At least 16 suspected rebel fighters and two Yemeni soldiers have been killed as heavy fighting in the north of Yemen entered its fourth day, according to officials.
Thousands of people in Saada province have been forced from their homes as the Yemeni military has bombarded suspected bases of the Shia Muslim Zaydi sect in recent days.
Local officials said on Friday that the fighting had shifted from Saada town towards the southern border of the province, just 70km north of the capital, Sanaa, and a government building in Amran province had come under attack.
"Over the past four days, 17,000 families have been forced to flee their homes," Hassan Mohammed Manaa, the Saada provincial governor, said.
He said that the fighters had killed four leaders of the Al-Azl tribe and 15 other civilians, including women and children, during the violence.
Scores of people are thought to have been killed or wounded in the region in recent days.
Aid workers 'seized'
The latest clashes came after at least 15 Red Crescent aid workers were reportedly taken from a refugee camp on Thursday.
"They blindfolded them, beat them and insulted them," the September 26
newspaper, published by the defence ministry, quoted Manaa as saying.
A number of doctors and nurses, as well as officials and administrators, were among those taken from the camp, Manna said.
The Yemeni government has vowed to hit the fighters, followers of Abdul-Malik al-Houthi, with an "iron fist" unless they meet its conditions for a ceasefire.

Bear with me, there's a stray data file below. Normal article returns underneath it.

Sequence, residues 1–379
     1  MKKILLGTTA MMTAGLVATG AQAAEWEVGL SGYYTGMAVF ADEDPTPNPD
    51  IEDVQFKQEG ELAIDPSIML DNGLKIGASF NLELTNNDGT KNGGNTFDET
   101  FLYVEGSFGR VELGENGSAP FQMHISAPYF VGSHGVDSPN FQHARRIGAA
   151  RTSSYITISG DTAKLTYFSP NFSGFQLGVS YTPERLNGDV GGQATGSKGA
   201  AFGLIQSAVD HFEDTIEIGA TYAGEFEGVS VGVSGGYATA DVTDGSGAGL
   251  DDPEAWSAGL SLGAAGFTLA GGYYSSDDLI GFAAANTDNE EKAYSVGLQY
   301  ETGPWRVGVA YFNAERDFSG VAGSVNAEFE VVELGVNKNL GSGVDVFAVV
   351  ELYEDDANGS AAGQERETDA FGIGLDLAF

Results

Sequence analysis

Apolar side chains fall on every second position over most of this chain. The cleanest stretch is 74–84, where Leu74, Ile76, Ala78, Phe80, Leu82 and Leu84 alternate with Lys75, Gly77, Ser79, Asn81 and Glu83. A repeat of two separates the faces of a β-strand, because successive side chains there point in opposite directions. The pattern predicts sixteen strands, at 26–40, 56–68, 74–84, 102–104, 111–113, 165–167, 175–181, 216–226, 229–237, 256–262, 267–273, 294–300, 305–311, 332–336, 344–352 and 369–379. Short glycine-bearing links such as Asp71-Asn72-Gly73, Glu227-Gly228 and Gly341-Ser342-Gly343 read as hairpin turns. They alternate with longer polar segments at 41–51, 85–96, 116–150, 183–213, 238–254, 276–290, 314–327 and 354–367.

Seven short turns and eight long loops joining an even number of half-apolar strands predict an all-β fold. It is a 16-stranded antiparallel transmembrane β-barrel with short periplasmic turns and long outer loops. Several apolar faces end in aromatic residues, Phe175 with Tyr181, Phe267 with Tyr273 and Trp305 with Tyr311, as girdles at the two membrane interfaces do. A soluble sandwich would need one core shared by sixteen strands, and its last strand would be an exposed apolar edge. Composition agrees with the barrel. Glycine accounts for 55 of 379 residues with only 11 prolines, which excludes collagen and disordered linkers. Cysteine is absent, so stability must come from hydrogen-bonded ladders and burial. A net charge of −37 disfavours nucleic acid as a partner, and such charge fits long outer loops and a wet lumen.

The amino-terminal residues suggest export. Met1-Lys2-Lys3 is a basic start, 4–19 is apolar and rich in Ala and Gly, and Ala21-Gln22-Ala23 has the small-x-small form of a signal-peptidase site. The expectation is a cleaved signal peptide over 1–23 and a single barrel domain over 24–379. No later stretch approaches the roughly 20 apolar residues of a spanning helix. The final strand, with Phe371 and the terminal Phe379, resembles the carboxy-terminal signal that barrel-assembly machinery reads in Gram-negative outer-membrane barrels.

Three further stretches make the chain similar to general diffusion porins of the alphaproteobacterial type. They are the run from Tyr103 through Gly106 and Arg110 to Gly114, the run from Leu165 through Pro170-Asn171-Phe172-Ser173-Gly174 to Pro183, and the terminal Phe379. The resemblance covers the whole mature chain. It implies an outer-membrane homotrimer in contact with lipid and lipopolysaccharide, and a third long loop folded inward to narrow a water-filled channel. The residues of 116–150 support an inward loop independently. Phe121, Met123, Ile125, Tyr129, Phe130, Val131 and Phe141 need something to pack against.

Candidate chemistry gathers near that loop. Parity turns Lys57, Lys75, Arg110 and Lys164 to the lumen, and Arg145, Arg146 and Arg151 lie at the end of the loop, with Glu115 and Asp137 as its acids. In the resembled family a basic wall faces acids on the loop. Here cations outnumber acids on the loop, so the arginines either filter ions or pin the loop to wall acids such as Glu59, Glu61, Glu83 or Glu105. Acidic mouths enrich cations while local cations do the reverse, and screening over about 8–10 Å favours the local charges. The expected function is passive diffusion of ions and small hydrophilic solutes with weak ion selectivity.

Under the terms announced by the country's supreme security committee, headed by Ali Abdullah Saleh, the president, the fighters were told they must evacuate all occupied government offices, hand in ammunition and equipment and free prisoners.
The committee said the authorities would stop the military offensive and release all detainees seized on suspicion of having links to the Houthis if they complied, the official Saba news agency reported on Thursday.
'Crimes against humanity'
However, al-Houthi rejected the conditions in a statement, saying the government was seeking to "mislead the public opinion".
"Authorities are not actually seeking a radical settlement for this issue ... and their conditions are merely intended to mislead the public opinion after the crimes against humanity they committed in Saada villages."
He called on the government to comply with a ceasefire agreement signed by the two parties in Doha, the Qatari capital, in June 2007.
Tensions have been rising between the Houthis and the army in Saada since last July when Saleh declared the conflict over.
Fighting between the Houthis and the military has left hundreds of soldiers and fighters dead since 2004.
The authorities have accused the Houthis of trying to reinstall the rule of imams, toppled by a republican revolution in northern Yemen in 1962. The fighters say they are defending their villages against government oppression.